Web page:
All the Toxic People

As I understand it, the definition of a toxic person is anyone whose personal habits are so disgusting or appalling they cause a negative emotional reaction in the people around them.

This could involve any number of repulsive mannerisms, from spraying the air with saliva when talking (especially with "p" words) to just plain boring the hell out of everyone.

The general category includes whiners, snobs, bullies, yellers, chest-tappers, hypercritics, egomaniacs, pawers, liars, meddlers, gossips and those you want to punch in the mouth for no apparent reason at all.

The late Wally Doon affected me that way. He was a classic bore. His hobby was knowing the history of every vacant lot within a five-mile radius of his home in southwest Artesia, and he would talk about them endlessly.

If he cornered you at a party, you were doomed to wither under the intensity of his tiresome monologue. Who wanted to hear about vacant lots? But it wasn't just that. He was generally boring. Someone told me that when Wally lay dying, his wife leaned over to catch his last words and dozed off.

The reason I mention this today is due to a new book on the market called, appropriately, "Toxic People." It was written by communications and image expert Lillian Glass, who occupies an office in Beverly Hills.

She is one of those kinetic, gesturing, fast-talking, high-energy people with a megawatt smile whose very presence seems to be accompanied by bells and whistles. But that's not why I sat on her dog.


The animal's name is Lambear Jr. of Greystoke, but that is also not why I sat on him. He was given to Glass by actor Christopher Lambert, who played Tarzan of Greystoke in the movie. Lambear is a modification of Lambert. I forget why she altered the name, but does it matter?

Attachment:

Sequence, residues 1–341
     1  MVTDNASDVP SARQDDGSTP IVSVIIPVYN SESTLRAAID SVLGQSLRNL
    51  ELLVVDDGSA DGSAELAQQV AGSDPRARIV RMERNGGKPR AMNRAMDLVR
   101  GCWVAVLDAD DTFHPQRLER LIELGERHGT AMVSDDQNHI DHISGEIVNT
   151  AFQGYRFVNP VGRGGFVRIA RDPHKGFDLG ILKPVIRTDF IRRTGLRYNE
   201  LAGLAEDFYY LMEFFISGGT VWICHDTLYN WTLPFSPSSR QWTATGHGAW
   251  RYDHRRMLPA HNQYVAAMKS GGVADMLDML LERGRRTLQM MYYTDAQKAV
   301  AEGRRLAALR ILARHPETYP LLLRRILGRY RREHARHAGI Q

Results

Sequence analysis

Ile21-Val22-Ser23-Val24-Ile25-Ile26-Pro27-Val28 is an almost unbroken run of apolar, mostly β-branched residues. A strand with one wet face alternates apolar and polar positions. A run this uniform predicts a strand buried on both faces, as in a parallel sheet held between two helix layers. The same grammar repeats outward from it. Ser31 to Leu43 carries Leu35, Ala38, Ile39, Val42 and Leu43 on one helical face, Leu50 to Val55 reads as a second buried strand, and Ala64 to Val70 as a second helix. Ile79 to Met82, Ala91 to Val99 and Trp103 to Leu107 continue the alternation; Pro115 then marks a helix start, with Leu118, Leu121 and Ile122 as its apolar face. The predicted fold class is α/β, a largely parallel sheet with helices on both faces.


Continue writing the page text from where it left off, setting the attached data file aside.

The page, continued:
Lambear is a Lhasa apso, a small, furry thing which when curled up in a sleeping position on a chair looks a good deal like a pillow. When I entered Glass' office, she very graciously asked me to sit. So I sat on the dog.

It was, of course, entirely accidental. I don't usually sit on dogs, although I sometimes step on our dog Hoover. When he flattens out on the floor, he looks like a throw rug, and late at night when I come home from a party . . . well, you get the idea. Poor Hoover.

I apologized to both Lambear and to Glass, and while Glass seemed to accept my apologies, Lambear Jr. of Greystoke did not. He growled throughout the entire interview and stared at me through angry little eyes. It was an eerie feeling being stared at for an hour by a pillow.

"Toxic People" not only lists and discusses those whose personalities or disgusting habits cause negative emotional reactions, but also informs its readers how to recognize them in the first place.

For instance, ask yourself of someone you've just met: Are his clothes filthy and ill-fitting? Does he have hairs growing out of his nose? Does his mouth hang open? Is his skin flaky or scaly? Does his body smell bad?

If you answer yes to any of those questions, tell him (or her) you enjoyed the evening, but you're busy every night for the next 100 years.


"We're all toxic in one way or another," Glass said, gesturing and smiling and shifting around in her chair while the dog growled and stared at me with hatred in his eyes.

"My energy might upset people. They want me to calm down and shut up. I can write a book, talk on the phone, interview clients and do lunch all at the same time. I'm trying to mirror a quieter person's energy and tone down."

There are different ways of dealing with toxic people, she says. You can avoid them, laugh them off, blow them out, mimic them or shout them down. She illustrated the blowing-out technique by literally inhaling deeply and then blowing hard.

Sometimes, Glass admits, she fantasizes that she is responding to an especially toxic person by smashing him or her in the face, but to actually do so would be unseemly and unprofessional. Better to just huff and puff and blow the fool out.

The book says it's OK to dislike people, although hatred is self-defeating. It's a valid message. I never really did hate Wally Doon, for instance. I simply felt he was the most boring human being on Earth, and sometimes wanted to knock him unconscious, rip out his tongue and grind his face into the dirt. Now, of course, I would simply blow him out.

It's a lesson of temperance I feel Lambear Jr. of Greystoke ought to learn, or the next time I see him I'm going to drop-kick him across the room.

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